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Old September 8th, 2009, 03:59 AM   #1
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New Mixer - Sound Devices 552

Good thing I waited to buy a new mixer huh?

- 5 inputs
- 5 pre or post fader outputs
- 4 channels of AES/EBU audio out through the XLR outs
- Built in 2 track SDHC audio recorder
- Same size/weight/power consumption as a 442

I'm dying to know when this beast will be available because I have a shoot at the end of the month that I was going to get a 442 for, but now I'm thinking I'll either wait for this or rent. Crazy times we live in, huh?

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Old September 8th, 2009, 11:48 AM   #2
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Good thing I waited to buy a new mixer huh?

- 5 inputs
- 5 pre or post fader outputs
- 4 channels of AES/EBU audio out through the XLR outs
- Built in 2 track SDHC audio recorder
- Same size/weight/power consumption as a 442

I'm dying to know when this beast will be available because I have a shoot at the end of the month that I was going to get a 442 for, but now I'm thinking I'll either wait for this or rent. Crazy times we live in, huh?

Link

Looks like $2,895 @ Trew...

Sound Devices 552 Portable Five-Channel Mixer - Mixers - Trew Audio
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Old September 8th, 2009, 03:45 PM   #3
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Great. Yet another reason for my kit to have an inferiority complex. Gotta hand it to SD though, for what it does, that's a fantastic price. As I was looking to upgrade to a SD442 mixer and at least a 702t recorder, I can save about $2000 here. Too bad it doesn't have time code. That would really seal the deal. I suppose if I got the 702t I could feed it timecode from that and have four tracks maybe? Pretty awesome all around though. Wow, just noticed it has pre and post fader outputs! What's this do to the resale value of the 442 I wonder? There's going to be a bunch of used 442s around pretty soon I'll bet, so guess I win either way.
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Old September 8th, 2009, 04:25 PM   #4
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The 522 does have an external TC input, which it uses to timestamp the BWF.

Presumably, that includes reader, regen, and stamp?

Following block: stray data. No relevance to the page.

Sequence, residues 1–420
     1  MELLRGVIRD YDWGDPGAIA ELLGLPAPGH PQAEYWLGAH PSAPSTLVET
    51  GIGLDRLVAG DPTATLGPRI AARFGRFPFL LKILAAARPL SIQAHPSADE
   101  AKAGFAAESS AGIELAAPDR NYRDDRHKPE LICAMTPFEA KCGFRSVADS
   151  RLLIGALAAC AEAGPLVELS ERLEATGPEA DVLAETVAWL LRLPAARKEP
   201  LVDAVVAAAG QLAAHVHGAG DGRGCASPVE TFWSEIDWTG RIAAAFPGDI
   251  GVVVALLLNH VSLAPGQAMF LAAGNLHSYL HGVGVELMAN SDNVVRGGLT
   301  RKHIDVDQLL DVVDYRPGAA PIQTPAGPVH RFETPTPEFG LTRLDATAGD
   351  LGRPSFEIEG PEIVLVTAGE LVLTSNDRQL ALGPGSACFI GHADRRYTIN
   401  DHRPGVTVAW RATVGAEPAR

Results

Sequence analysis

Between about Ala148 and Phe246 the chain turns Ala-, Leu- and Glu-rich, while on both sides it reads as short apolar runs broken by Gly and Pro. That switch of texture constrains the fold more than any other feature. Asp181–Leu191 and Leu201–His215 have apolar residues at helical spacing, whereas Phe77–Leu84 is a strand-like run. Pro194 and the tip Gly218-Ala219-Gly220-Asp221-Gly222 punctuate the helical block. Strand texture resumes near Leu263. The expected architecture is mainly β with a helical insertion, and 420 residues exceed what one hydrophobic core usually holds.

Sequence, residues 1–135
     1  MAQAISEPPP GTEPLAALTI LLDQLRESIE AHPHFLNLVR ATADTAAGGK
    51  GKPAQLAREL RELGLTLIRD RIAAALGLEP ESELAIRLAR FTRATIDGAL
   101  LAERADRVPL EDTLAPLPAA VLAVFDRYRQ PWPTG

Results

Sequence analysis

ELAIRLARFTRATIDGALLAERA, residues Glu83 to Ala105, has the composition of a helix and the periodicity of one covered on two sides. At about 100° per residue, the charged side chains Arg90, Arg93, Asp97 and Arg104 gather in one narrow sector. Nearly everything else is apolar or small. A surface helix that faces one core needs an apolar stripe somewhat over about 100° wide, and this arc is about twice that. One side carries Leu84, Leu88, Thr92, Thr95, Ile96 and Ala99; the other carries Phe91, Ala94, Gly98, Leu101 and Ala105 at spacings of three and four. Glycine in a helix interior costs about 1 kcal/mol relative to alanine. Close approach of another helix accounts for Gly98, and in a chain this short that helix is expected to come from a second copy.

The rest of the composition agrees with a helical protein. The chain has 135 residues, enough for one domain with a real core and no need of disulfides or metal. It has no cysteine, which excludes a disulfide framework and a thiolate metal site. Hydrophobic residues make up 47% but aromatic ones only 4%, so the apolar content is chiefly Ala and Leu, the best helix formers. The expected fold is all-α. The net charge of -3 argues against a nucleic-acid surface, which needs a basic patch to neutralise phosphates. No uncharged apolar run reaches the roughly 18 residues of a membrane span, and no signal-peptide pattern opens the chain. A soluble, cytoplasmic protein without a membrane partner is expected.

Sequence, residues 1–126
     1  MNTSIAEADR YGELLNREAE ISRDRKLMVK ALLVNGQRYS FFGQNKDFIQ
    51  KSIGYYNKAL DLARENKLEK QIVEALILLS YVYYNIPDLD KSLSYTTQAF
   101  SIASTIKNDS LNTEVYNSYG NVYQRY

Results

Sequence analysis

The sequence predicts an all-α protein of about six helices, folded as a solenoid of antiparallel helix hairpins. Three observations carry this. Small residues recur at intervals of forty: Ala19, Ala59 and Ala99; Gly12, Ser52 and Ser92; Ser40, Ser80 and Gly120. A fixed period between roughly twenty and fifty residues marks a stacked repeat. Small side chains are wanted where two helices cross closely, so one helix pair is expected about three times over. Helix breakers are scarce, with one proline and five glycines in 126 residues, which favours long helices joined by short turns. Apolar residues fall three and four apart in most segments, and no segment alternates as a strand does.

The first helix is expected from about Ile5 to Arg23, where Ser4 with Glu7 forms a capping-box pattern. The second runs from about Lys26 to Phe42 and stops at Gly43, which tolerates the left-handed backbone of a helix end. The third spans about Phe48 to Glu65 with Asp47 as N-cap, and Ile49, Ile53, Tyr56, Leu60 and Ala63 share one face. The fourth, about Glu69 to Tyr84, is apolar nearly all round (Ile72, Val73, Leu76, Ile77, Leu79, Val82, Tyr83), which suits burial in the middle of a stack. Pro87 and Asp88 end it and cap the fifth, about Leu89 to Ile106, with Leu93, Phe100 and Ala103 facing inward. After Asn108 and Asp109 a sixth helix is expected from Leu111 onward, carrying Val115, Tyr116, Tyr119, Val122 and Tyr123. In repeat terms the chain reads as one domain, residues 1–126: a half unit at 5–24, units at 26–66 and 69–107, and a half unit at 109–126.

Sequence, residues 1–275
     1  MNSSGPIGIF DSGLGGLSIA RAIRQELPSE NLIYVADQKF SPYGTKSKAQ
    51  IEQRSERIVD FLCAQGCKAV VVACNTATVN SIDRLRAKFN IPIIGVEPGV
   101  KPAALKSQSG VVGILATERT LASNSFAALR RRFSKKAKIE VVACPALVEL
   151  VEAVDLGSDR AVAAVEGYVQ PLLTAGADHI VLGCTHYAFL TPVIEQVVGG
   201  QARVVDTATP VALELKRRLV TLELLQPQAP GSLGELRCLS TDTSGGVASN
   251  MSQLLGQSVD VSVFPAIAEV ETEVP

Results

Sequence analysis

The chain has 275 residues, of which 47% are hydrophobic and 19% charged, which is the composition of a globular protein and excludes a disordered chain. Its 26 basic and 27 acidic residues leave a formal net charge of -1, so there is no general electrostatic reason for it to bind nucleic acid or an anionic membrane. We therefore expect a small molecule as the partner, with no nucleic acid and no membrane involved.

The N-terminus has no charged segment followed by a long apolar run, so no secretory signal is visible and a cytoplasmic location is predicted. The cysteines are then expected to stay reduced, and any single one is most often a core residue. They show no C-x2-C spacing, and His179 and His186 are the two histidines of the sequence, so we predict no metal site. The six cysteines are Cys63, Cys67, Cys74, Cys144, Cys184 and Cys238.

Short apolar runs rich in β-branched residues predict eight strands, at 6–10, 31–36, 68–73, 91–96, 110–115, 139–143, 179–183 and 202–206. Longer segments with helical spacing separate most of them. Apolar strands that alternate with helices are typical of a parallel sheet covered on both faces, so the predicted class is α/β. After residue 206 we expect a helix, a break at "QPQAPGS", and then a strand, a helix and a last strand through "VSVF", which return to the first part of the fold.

Obviously not even a bit as full-featured as what's on the 702t... but this is for a different market, I think.

When I read the specs, I was thinking this is just the mixer for all those shoots where the editor really is happy with the sound you give him/her on the videotape, because it's "good enough" and is already in sync, but you're still backed up in case of camera op screwup, or camera malfunction, or loss of link, or whatever.

Not really a replacement for a full rig for true double-system sound? I'm sort of making this up here, but I guess that's an important question - does this really replace, feature-wise, a separate mixer and recorder?

With no manual yet posted, it's hard to tell what all the TC capabilities are, for example, if you can do free run off a preset, or TOD code, or if it only works if it can jam to an external source. Could be just fine for true double system if you were running a TC slate and jamming to it?
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Old September 8th, 2009, 05:31 PM   #5
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The 552 thread is getting pretty long on RAMPS, but it looks like you'll need a constant jam source for the TC stamp.


I've been running the 302 and 744t setup for a couple years, and was just checking the market for a 442. Looks like I'm going to have to go for a 552 if T-Power hasn't gone the way of the dinosaur.

EDIT: No more T-Power. *cries*
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Old September 8th, 2009, 05:50 PM   #6
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Yeah, I've been following the RAMPS thread too, and the more I read it, it seems clear that this just isn't a replacement for a dedicated recorder. Not being able to name the files after the scene and take numbers is a death knell for one thing, not to mention the timecode issue. It's intended to replace the backup recorder, which I think it does beautifully. It also seems like a way to add a couple of tracks in a pinch, which would definitely come in handy. I wonder though, is there another field recording device with four digital inputs, and timecode, that you could use though? This mixer has four digital outputs. Maybe that's the way to go here. I wish SD offered a product like this. Maybe one is on the way. I've long felt it makes no sense for their recorders to have redundant gain controls, limiters, low-cut filters, and so on.

I don't miss the lack of T-power personally. You can buy cheap adapters for that, and I'm constantly paranoid that I'm going to accidently engage T-power on my 302 and fry one of my mics.
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Old September 10th, 2009, 07:56 PM   #7
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I don't see any word clock or video sync input for the recorder - did they miss this?